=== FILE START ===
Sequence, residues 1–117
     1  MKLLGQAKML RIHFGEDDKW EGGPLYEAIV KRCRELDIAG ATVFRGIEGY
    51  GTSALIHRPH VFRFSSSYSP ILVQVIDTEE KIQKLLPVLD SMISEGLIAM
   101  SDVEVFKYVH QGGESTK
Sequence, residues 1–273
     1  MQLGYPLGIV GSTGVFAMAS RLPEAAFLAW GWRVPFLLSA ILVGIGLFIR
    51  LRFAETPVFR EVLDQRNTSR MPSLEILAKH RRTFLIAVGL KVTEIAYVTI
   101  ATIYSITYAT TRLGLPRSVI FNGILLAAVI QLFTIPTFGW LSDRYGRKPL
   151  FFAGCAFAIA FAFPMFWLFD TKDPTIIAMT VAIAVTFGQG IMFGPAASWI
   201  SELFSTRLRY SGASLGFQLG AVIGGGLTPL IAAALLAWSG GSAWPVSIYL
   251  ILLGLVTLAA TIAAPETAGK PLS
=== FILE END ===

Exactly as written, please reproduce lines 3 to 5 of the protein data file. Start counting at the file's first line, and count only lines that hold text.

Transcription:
    51  GTSALIHRPH VFRFSSSYSP ILVQVIDTEE KIQKLLPVLD SMISEGLIAM
   101  SDVEVFKYVH QGGESTK
Sequence, residues 1–273